Interactive Training Still a Vital Component to Safety Programs
A recent article published in the Journal of Applied Psychology regarding hazards and safety training has concluded that hands-on training is more effective than traditional one-way lecture forms of training for tasks that carry a high risk of death, injury, or illness.
Our findings indicate that, on average, the highly engaging methods of safety training are considerably more effective than the less engaging methods of training in knowledge acquisition and safety performance… From a practical perspective, these findings suggest the need for safety managers to more carefully consider the relative costs and benefits of placing a trainee in a passive versus more active type of safety training for knowledge acquisition and performance enhancement… although distance learning and electronic learning (e-learning) approaches to training offer economies of scale and may appear cost effective from a short-term financial perspective, a lack of participant engagement in such training approaches has been acknowledged as a major issue… Given the importance of knowledge and performance as outcomes of safety training, balancing training engagement with the short-term financial costs becomes critical both to keeping workers safe and to avoid the long-term financial costs of safety-related disasters (Burke et al., 2011).
In other words, training programs with active discussions, trainer feedback, and actual hands-on activities are more effective than traditional one-way lecture style training programs, which is why the USWTMC utilizes the Small Group Activity Method.
Working together collectively sharing our knowledge
The SGAM used by the USWTMC puts the learner in the center of the workshop. Instead of simply listening to trainers talk or watching video presentations, participants are put to work solving real-life problems, building upon their own skills and experiences. The tasks require that the groups use their experience to tackle problems and make judgments on key issues. TMC worker-trainers create a learning environment where open discussion and in class participation are fundamental to finding solutions.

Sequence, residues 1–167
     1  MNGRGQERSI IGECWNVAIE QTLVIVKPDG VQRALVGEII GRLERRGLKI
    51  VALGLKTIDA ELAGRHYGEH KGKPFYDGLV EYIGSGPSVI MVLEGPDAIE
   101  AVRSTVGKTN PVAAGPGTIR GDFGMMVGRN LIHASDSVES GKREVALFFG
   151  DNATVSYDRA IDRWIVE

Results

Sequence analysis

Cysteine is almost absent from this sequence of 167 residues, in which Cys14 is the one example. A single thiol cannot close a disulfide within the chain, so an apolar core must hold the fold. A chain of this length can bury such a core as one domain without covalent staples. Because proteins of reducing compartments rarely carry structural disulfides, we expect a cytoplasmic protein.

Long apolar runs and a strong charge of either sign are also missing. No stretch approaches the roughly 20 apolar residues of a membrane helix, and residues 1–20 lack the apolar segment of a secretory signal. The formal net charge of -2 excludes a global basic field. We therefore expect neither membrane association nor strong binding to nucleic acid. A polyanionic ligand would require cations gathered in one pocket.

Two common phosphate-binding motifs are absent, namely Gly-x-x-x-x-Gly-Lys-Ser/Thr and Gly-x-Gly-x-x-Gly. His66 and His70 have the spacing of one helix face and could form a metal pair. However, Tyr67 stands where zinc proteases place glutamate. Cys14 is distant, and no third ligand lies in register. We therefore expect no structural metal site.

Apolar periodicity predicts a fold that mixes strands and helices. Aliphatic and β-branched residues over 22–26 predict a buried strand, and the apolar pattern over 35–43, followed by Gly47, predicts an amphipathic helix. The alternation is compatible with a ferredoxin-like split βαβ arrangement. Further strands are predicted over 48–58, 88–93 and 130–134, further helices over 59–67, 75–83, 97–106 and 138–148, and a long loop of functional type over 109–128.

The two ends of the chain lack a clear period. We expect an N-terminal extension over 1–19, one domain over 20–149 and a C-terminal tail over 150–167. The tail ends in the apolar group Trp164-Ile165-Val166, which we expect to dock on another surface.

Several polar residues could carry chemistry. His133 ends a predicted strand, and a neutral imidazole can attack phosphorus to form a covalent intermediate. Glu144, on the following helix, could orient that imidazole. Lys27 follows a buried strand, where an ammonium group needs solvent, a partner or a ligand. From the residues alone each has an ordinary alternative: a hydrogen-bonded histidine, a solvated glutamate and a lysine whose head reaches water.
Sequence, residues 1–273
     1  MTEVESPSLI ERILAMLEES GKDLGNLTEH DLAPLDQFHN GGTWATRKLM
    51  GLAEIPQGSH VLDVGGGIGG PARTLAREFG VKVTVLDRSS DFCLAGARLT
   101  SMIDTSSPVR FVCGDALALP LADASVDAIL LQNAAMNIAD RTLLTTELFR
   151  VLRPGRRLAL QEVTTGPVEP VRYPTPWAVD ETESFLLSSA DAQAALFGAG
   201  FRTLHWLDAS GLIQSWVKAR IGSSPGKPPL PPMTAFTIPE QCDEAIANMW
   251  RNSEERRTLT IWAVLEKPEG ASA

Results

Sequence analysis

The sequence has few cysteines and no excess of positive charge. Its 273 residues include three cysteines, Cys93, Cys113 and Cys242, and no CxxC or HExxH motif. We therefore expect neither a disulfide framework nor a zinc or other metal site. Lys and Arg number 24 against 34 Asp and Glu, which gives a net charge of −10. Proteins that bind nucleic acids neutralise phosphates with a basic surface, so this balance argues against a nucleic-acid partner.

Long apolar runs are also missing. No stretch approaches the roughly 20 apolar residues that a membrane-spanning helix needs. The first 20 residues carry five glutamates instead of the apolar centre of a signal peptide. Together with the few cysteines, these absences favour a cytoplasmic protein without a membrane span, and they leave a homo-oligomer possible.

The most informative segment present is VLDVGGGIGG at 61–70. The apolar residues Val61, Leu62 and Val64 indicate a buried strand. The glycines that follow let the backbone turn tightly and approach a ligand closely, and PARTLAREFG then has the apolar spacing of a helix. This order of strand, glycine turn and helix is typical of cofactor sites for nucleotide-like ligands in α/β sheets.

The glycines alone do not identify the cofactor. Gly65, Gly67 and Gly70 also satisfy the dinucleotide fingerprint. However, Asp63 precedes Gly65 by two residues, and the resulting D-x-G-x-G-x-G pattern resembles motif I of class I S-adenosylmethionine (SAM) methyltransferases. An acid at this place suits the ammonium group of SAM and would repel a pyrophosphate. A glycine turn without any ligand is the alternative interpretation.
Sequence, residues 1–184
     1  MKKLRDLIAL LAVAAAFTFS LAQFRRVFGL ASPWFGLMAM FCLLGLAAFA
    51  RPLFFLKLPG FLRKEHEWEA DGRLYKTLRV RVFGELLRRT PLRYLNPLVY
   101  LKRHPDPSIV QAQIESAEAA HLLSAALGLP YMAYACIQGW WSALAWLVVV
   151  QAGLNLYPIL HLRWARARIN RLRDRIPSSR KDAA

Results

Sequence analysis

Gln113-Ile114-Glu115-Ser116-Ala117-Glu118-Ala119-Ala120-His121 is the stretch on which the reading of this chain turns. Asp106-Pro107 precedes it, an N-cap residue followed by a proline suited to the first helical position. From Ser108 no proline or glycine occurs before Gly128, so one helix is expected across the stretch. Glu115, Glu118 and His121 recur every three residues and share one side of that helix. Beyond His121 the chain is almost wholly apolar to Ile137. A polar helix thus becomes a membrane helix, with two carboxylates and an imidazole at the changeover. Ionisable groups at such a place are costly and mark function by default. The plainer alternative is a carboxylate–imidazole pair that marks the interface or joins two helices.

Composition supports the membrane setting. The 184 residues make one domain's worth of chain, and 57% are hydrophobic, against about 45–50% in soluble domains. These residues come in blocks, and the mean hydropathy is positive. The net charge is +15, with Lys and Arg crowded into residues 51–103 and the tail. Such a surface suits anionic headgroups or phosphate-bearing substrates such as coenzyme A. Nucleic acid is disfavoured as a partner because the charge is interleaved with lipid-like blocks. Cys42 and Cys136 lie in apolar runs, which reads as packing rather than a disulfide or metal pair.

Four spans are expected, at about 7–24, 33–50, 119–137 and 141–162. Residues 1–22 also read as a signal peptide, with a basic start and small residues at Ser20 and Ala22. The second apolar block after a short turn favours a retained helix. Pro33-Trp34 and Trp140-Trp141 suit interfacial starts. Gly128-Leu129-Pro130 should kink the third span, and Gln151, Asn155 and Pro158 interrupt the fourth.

New forms of technology, which allow us to reach more and more individuals, may actually be a step back when it comes to safety training. Videos and webcams, while a helpful tool, do not supplement live interaction and hands on components. The short-term financial benefits gained through the use of passive forms of training are dwarfed by the potential long-term costs that accompany a safety disaster.
A recent example that exemplifies the significance placed on engaging forms of training can be found regarding air line pilots. The Air Line Pilots Association is hoping that the recent findings regarding levels of interactivity in training methods will help the FAA and United Airlines see that more engaging training is needed. Some 6,000 United Airlines pilots are dissatisfied with the training they have received following United 2010’s merger with Continental Airlines. A report by the ALPA is currently being circulated through congress.
From The Wall Street Journal:
The document, dated Nov. 10, lambasts United for using only individual, computer-based training to help United pilots absorb a large volume of procedural changes without including classroom work or practice sessions in flight simulators. The report alleges that new cockpit procedures imposed on United crews are causing stressed pilots to report higher-than-normal numbers of safety lapses, including instances of nearly forgetting to lower landing gear before touchdown. Other pilots, according to the report, have been so distracted and unfamiliar with the changes that they have failed to properly follow taxi instructions on the ground, while still others took themselves off duty because they felt they weren’t fit to fly.
This is just one example of the lack of engagement hampering the acquisition of knowledge. Several more exist, which is why the training courses that the TMC offers all include a strong foundation on the interaction between facilitator and the participants, as well as numerous hands on activities that are collectively completed and require the participants to engage.
To view the entire study, or find out more about the dread factor, click here.